If you have taught, administered, or participated in a futuring course or program, THE FUTURIST magazine would like to hear from you! For its September-October 2014 issue, THE FUTURIST will compile articles, essays, and resources on the teaching and learning of futurism.
We recognize that practicing futurists come from a variety of backgrounds and perform many different types of work. We’d also like to hear from you if you are a professional futurist who did not receive formal training.
The essays (approximately 500 words) should be about personal experiences and recommendations. Please include a description of the program you are writing about, whether it is a master's degree program or a unit about the future in a K-12 class.
Note, this is not about using futuring techniques to improve schools or education. It is about the study of the future itself, including the use of a “futures filter” in other fields. Bottom line: What would you like to say to students, to teachers, and to program developers about the future of studying the future?
Deadline: April 14, 2014. Manuscripts should be in Word (no PDFs) and e-mailed to Cindy Wagner, cwagner 'at' wfs.org, accompanied by a brief About the Author note and complete contact information (both physical mailing address and e-mail, please).
STARTER QUESTIONS: Should “futurism” be a unique discipline to train members of a profession (like “economist” or “physicist”), or should it be for everyone, incorporated into every other field of study?
Should there be a certificate for “professional futurists”? What skills should be included for certification?
How might such skills be applied to other fields of study?
What is the best (most effective and efficient) delivery system for the study of the future? Lectures, labs, practicums, apprenticeships, MOOCs, webinars?
What resources do you find most useful?
Why did you choose to study the future and/or the methodologies of futurists?
What was the most valuable lesson you learned from your experience studying the future?
Is there one particular technique you find most useful for thinking about your own future? What about the world’s future?
What would you like to have covered in your course but didn’t? Why wasn’t it covered?
For professional futurists:
If you did not go through an academic program, how did you obtain your skills and qualifications as a “professional” futurist?
How do you believe a “professional futurist” should be defined?
For more details about writing for THE FUTURIST, please review the writers’ guidelines posted here.
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Essays and comments posted in World Future Society and THE FUTURIST magazine blog portion of this site are the intellectual property of the authors, who retain full responsibility for and rights to their content. For permission to publish, distribute copies, use excerpts, etc., please contact the author. The opinions expressed are those of the author. The World Future Society takes no stand on what the future will or should be like.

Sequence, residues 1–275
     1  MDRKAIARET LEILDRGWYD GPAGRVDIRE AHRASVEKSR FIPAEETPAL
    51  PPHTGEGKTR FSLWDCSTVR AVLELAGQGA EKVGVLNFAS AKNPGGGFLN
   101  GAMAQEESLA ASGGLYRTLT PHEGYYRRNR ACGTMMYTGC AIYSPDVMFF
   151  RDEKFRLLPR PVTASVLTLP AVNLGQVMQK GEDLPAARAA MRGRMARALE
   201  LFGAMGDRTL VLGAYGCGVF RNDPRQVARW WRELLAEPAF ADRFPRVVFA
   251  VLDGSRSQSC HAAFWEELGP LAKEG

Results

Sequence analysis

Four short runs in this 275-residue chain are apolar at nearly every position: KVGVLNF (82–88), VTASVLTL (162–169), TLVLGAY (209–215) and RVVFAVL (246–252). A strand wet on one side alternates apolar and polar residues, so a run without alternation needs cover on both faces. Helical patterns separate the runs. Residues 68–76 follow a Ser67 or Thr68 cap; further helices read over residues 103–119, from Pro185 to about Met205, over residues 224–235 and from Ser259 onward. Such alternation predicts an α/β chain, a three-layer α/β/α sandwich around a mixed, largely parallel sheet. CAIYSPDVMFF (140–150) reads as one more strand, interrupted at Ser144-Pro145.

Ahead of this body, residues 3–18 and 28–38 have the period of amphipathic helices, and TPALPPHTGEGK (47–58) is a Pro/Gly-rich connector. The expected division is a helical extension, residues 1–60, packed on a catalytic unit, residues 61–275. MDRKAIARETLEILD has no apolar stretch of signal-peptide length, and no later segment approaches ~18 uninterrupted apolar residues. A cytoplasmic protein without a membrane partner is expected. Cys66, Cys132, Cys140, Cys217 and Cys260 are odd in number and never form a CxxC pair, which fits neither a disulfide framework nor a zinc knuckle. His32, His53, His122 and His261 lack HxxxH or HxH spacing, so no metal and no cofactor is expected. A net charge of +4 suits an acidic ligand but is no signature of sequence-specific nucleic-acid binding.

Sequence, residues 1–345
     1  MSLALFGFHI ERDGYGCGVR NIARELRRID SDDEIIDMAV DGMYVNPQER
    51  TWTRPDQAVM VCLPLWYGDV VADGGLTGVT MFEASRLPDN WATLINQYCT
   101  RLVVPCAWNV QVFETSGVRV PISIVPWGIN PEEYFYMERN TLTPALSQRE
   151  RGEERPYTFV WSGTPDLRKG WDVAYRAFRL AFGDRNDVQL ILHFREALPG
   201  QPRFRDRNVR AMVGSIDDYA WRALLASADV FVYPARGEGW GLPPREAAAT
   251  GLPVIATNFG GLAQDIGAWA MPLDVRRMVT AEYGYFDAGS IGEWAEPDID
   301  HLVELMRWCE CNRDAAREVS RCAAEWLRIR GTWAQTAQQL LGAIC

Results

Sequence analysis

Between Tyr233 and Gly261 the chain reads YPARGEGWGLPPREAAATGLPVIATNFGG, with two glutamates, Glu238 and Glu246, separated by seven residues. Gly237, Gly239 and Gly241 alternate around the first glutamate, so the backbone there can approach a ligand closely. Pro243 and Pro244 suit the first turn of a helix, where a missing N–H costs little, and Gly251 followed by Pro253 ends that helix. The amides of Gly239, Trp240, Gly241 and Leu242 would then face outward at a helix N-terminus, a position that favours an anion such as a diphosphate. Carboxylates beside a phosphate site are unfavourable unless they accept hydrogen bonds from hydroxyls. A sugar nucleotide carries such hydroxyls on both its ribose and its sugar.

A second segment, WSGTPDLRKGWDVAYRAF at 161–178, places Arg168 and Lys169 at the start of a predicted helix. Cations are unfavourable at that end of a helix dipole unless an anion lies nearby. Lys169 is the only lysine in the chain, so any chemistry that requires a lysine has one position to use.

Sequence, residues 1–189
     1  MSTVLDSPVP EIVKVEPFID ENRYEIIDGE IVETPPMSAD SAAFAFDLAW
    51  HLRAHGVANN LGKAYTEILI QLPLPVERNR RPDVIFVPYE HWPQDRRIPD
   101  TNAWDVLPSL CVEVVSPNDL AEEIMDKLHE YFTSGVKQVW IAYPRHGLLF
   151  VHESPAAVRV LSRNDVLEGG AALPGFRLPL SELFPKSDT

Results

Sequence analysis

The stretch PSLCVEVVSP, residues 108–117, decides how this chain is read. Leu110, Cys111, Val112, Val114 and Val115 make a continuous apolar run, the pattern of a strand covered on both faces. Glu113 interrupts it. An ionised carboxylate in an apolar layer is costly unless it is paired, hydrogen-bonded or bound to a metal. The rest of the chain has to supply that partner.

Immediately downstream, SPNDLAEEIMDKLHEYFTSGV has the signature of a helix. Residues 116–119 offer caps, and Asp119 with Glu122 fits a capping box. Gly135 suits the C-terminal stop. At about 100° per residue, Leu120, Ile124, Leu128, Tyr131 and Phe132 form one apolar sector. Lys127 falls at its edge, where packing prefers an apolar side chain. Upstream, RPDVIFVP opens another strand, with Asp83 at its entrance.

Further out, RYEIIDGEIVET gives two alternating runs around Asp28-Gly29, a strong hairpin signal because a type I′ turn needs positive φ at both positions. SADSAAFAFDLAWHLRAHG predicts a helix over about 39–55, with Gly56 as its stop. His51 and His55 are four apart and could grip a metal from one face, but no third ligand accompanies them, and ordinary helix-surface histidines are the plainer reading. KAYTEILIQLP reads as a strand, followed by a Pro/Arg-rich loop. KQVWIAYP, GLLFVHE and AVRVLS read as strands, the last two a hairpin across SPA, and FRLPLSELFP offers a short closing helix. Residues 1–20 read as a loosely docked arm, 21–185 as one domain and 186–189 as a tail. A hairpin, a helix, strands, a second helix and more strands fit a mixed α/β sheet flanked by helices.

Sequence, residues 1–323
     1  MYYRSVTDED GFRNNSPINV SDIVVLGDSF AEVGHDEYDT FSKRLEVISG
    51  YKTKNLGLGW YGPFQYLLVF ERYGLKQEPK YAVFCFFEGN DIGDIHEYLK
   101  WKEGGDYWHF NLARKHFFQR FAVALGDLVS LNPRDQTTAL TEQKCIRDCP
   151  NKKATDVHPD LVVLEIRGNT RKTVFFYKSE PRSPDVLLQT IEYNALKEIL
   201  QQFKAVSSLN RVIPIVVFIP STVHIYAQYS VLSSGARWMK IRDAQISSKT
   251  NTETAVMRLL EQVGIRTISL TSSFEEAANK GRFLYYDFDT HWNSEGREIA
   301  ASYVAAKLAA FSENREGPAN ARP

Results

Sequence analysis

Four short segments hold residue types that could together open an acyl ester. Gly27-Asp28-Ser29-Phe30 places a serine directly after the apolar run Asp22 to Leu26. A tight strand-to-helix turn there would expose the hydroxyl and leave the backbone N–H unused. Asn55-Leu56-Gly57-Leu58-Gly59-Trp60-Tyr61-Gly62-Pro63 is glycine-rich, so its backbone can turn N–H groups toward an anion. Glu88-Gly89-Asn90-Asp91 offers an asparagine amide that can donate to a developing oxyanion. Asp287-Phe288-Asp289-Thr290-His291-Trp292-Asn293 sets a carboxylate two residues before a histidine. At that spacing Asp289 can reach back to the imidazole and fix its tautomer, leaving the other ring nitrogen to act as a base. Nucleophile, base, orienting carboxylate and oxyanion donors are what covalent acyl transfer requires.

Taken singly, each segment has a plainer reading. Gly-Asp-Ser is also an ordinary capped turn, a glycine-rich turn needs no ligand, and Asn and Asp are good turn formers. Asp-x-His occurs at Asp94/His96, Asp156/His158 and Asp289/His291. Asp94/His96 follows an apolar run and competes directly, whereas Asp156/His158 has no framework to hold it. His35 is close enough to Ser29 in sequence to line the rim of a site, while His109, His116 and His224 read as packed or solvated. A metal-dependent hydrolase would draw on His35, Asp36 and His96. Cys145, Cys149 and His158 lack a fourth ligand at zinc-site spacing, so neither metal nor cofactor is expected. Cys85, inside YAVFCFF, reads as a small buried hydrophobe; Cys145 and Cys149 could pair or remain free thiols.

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April 16, 2014 -Historically one of the biggest challenges faced by both Soviet and U.S.
I often do book recommendations. Seemed like time for a bit of a travel recommendation. This one is especially for science fiction writers and fans.
For years, a dedicated group of academics and media practitioners have questioned whether there is a way to teach children not only to access media content but to analyze and critique it in order to make good, healthy choices about the sources of messages, their accuracy and the consequences connected with media use.
I'm a regular blood donor. My blood type is "A," "Rh+." That can tell you a lot about your origins. But what I get excited about is the promise of finding a process by which we can end blood transfusions forever, mass producing all the blood we need rather than tapping the veins of donors every 56 days to keep an adequate blood supply in hospitals and clinics around the world.
Seawater is proving to be one way to combat climate change by reducing fossil fuel dependency for some ocean island nations. Taking a page from land-based geothermal power which uses the coolness below ground in heat exchange systems, islands are using the thermal energy gradient in a column of seawater to generate electricity.
Until Morgan Freeman and Jack Nicholson made the movie, most people hadn’t even heard the expression “Bucket List,” let alone knowing what it meant (things to do before I kick the bucket!).
A bucket list is one way to think about your future.
I recently watched an interesting documentary on the evolution of the British coffee shop market. I then had an idea for a new chain that is so sharp it would scratch your display if I wrote it here, so I’ll keep that secret. The documentary left me with another thought: what’s so special about authentic?
Unlike the United States which has chosen to rest on its Apollo Program laurels, Russia is reviving the Soviet dream to establish a permanent human presence on the Moon. The United States, however, has made it quite clear that it has no plans to return to the Moon unless it does it conjointly with other partners.